Exercise equipment in a yard outside the East Block for condemned prisoners at San Quentin State Prison in California.
Mass incarceration harms the health of prisoners, their families and the people who work in detention centers.
Can three companies from outside the industry improve health care for their employees and lower costs?
Three business giants, Amazon, Berkshire Hathaway and JPMorgan Chase, announced plans to change health care delivery and insurance as we know it. Here's why that could be a major disruption.
A Syrian child drew a picture of helicopters dropping bombs and children dying as a result. The surviving children are crying, while the deceased ones have smiles on their faces.
Syrian refugee children are not getting the care they need in the wake of the trauma they have endured. Here's why that's bad for them and bad for the rest of the world.
The drug GHB gained notoriety during raves decades ago, but it is resurfacing again.
The recent death of 'Storm Chaser' star Joel Taylor, reportedly because of his use of the GHB, is a tragic reminder of the drug's dangerous impact.
People collect water piped in from a mountain creek in Utuado, Puerto Rico on Oct. 14, 2017, in the aftermath of Hurricane Maria. Hundreds of thousands of Puerto Ricans were still without running water.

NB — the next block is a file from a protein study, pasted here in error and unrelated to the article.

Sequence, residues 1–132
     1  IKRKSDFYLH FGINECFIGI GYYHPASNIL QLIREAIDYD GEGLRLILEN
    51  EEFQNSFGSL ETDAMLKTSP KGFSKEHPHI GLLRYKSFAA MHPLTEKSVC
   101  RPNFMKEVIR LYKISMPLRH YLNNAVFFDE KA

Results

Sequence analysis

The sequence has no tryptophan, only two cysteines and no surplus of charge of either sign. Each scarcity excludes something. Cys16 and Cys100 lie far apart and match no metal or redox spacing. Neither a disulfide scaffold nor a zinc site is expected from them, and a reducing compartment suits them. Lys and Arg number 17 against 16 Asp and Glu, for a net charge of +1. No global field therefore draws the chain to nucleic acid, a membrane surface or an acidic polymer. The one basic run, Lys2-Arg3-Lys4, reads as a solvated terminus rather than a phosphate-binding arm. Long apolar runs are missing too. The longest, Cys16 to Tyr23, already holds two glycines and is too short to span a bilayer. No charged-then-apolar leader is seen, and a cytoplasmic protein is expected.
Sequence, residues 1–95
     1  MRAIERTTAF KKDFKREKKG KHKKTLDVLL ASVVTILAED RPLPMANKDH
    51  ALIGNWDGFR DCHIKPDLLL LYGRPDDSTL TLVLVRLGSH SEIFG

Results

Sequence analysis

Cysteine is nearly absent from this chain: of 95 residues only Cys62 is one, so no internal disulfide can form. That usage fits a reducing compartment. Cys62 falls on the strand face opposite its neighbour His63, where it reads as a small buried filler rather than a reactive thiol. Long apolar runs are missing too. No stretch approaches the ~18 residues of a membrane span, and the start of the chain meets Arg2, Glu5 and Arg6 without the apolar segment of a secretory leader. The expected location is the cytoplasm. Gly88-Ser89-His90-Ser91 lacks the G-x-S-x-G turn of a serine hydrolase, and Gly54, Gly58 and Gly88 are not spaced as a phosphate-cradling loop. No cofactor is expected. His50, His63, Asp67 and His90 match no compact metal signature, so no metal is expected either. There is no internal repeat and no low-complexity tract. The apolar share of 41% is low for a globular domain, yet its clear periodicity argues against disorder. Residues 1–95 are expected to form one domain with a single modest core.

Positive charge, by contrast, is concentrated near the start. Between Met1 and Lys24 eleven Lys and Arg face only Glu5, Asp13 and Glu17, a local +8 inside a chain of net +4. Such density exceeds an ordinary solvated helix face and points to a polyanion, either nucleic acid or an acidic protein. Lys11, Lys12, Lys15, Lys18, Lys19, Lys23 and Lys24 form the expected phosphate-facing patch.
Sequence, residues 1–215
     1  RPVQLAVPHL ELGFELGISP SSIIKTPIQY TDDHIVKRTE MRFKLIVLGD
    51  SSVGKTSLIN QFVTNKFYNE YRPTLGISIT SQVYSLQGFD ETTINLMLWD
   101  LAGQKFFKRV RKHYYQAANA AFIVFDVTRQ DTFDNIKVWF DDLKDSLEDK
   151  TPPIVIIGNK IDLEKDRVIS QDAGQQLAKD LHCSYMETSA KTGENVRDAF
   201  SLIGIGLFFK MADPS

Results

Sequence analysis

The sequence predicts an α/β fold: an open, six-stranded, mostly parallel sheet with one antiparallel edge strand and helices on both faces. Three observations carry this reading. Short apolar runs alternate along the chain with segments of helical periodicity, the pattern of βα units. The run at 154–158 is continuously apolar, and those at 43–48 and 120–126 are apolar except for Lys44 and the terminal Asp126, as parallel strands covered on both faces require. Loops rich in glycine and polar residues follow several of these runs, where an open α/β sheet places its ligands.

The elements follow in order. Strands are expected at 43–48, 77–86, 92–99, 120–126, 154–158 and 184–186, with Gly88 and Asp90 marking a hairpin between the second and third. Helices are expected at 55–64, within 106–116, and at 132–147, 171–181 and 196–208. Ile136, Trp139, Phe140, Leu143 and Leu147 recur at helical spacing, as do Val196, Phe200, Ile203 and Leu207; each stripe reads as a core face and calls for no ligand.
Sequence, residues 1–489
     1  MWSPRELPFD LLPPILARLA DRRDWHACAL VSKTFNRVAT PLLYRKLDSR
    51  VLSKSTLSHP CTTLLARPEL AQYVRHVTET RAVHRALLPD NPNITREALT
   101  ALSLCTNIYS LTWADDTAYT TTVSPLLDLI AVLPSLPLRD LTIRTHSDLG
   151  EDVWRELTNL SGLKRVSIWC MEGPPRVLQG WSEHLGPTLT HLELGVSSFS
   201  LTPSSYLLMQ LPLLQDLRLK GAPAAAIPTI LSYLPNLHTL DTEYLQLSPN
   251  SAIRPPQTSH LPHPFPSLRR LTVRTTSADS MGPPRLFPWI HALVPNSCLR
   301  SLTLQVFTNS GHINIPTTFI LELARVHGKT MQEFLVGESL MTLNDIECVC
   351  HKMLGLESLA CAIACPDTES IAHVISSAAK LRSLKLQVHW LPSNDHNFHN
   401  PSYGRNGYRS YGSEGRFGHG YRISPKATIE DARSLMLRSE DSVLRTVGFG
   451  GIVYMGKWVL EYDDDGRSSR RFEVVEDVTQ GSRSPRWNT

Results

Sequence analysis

AP Photo/Ramon Espinosa
Climate change threatens to widen the health gap between the haves and have-nots. Here's why addressing environmental issues that drive poor health is a starting point.
Tribally led wellness encampment in Wyoming.
Compared to the average US citizen, American Indians and Alaskan Natives live shorter lives and are at greater risk for a number of health problems.
Donnie Cardenas, on bed, waits with his roommate Torrey Jewett at Palomar Medical Center in Escondido, Calif., Jan. 10, 2018. Cardenas had the flu.
AP Photo/Greg Bull
The flu is not only making millions of people sick this year. It's causing fear and, along with it, a lot of confusion. Should you get a flu shot? Should you see the doctor? An expert advises.
Tammie Jackson, looking at the prescription drugs she could not obtain before enrolling in Montana’s expanded Medicaid program, in the summer of 2017.
AP Photo/Bobby Caina Calvan
The new rules Kentucky and other states want to impose could leave millions of Americans who benefit from this safety net program uninsured – and resorting to the emergency room for their health care.